This initial listing comprises those who currently conduct biofuels and processing research, training, and outreach efforts within the LSU Agricultural Center.
A. Listing of Core Faculty Members
i. Audubon Sugar Institute
Ben Legendre, Professor and Head – bioenergy crop production, sugar technology
Giovanna Aita, Asst. Professor – microbiology, biomass conversion
Harold Birkett, Assoc. Professor – engineering design, energy studies
Donal Day, Professor – biotechnology, biofuels and byproducts
Vadim Kochergin, Professor – separation technologies, process design
ii. Biological and Agricultural Engineering
Dan Thomas, Professor and Head – instrumentation, modeling, water resources systems engineering
Dorin Boldor, Asst. Professor – biofuels, harvesting, handling
Michael Mailander, Assoc. Professor – biofuels, sensors, production systems
Chandra Theegala, Assoc. Professor – biofuels, gasification, separation technologies
Cristina Sabliov, Asst. Professor – nanotechnology, byproduct processing
Marybeth Lima, Assoc. Professor – processing and separation technologies
iii. Plant, Environmental & Soil Sciences
Gary Breitenbeck, Professor – bioenergy crop production
iv. Renewable Natural Resources
Richard Vlosky, Professor – wood-based bioenergy
v. Agricultural Economics & Agribusiness
Mike Salassi, Professor – crop production economics
vi. Sugar Research Station
Kenneth Gravois, Professor and Coordinator – bioenergy crop breeding
B. Vitae of initial core faculty members are available in Appendix I.
The LSU Agricultural Center has made substantial commitments to biofuels and bioprocessing research in the forms of faculty, staff, equipment, and infrastructure. Further it engages in ongoing efforts with the Louisiana federal delegation to ensure continued program support through Congressionally-Directed Special Research Grants. These commitments are anticipated to continue and expand following formation of the proposed Institute.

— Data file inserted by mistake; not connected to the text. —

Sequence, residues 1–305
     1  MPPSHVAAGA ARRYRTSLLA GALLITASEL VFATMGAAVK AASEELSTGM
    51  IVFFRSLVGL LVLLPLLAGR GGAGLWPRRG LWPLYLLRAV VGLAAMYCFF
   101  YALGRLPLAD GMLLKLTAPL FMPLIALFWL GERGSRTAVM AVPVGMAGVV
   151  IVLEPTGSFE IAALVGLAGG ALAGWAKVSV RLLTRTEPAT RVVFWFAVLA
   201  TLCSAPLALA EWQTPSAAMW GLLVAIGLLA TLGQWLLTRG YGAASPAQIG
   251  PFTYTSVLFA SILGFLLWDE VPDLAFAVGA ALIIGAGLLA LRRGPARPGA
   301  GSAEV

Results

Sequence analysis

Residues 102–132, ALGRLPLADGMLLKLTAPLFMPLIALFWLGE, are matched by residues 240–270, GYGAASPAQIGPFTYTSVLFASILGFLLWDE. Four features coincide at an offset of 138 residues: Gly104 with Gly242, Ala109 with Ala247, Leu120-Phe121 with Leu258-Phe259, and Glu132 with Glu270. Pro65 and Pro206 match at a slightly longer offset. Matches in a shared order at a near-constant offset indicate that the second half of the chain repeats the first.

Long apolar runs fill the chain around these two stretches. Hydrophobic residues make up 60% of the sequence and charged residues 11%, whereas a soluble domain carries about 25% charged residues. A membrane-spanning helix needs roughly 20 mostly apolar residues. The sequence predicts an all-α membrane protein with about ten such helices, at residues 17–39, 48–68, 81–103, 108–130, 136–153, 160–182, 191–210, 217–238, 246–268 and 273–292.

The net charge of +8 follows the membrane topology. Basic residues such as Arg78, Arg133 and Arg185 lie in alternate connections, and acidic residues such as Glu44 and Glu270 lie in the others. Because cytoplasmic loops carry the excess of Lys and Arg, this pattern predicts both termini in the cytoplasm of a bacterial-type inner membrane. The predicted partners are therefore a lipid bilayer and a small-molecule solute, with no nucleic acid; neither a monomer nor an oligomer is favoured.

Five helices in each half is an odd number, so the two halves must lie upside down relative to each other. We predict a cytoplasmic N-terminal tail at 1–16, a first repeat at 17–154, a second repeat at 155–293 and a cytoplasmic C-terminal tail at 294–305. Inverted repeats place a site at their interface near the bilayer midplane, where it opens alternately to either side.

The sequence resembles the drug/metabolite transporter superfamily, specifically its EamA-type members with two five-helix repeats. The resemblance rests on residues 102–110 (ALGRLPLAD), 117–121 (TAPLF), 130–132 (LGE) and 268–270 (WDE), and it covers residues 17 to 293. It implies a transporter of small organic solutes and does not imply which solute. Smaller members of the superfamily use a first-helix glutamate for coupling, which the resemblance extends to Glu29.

Whereas biofuels and bioprocessing research, training, and outreach occur in many units within the LSU Agricultural Center, the majority of efforts are housed within two departments: Audubon Sugar Institute and Department of Biological and Agricultural Engineering. Both units have sufficient staffing and infrastructure to support robust, integrated, and collaborative programs in biofuels and bioprocessing.
Audubon Sugar Institute is located in St. Gabriel, Louisiana. The 27,000 ft2 research and development facility, well-equipped with state-of-the-art equipment and technology, contains six separate clusters, each of which is dedicated to specific steps in the research and development process pathway. The pilot plant houses large-scale equipment and machine and welding shops for fabricating unique equipment on-site. A key feature is availability of pilot-scale processing equipment for fermentation and separation that is rarely available at universities. The analytical laboratory operates an array of instruments to support the research programs in the biofuels and bioproducts areas. The fully equipped microbiology laboratory has a range of fermentation equipment, with systems ranging from bench- to pilot-scale. Strong relationships and good credibility with the Louisiana agricultural industry allow access to commercial production facilities (sugar mills, etc.) that will support rapid implementation of developed technologies.
Department of Biological and Agricultural Engineering is located on the main campus in Baton Rouge and has laboratory and shop areas that can address biofuel and bioprocessing needs. One laboratory is fully functional using green technologies, with separate areas and instrumentation for gasification, material separation, pelletizing, and other research activities to enhance the processing and efficiency of biofuels. Other newly upgraded laboratories are dedicated to nano-particle development, commercial flow through microwave heating, supercritical fluid extraction, microwave extraction of bioactive components, and a pilot scale rice mill for oil extraction and milling studies. Fully functional shops, with metal and wood working capabilities and large working bays, support prototyping activities associated with harvesting, handling, and processing of biomaterials.
Additional research, education, and outreach efforts on biofuel and bioprocessing crops are ongoing in several additional units within the LSU Agricultural Center, including School of Plant, Environmental & Soil Sciences, School of Renewable Natural Resources, and Sugar Research Station. Scientists in these units have superior capacity in genomics, breeding, production, harvesting, handling, and storage of annual and perennial biofuel and bioprocessing crops. Sufficient expertise, equipment, and infrastructure also are in place at LSU Agricultural Center facilities throughout Louisiana to support this research on all crops produced in the state, from sugarcane to trees. Additional expertise exists within Department of Agricultural Economics & Agribusiness to provide economic support for decision and policy-making in these arenas.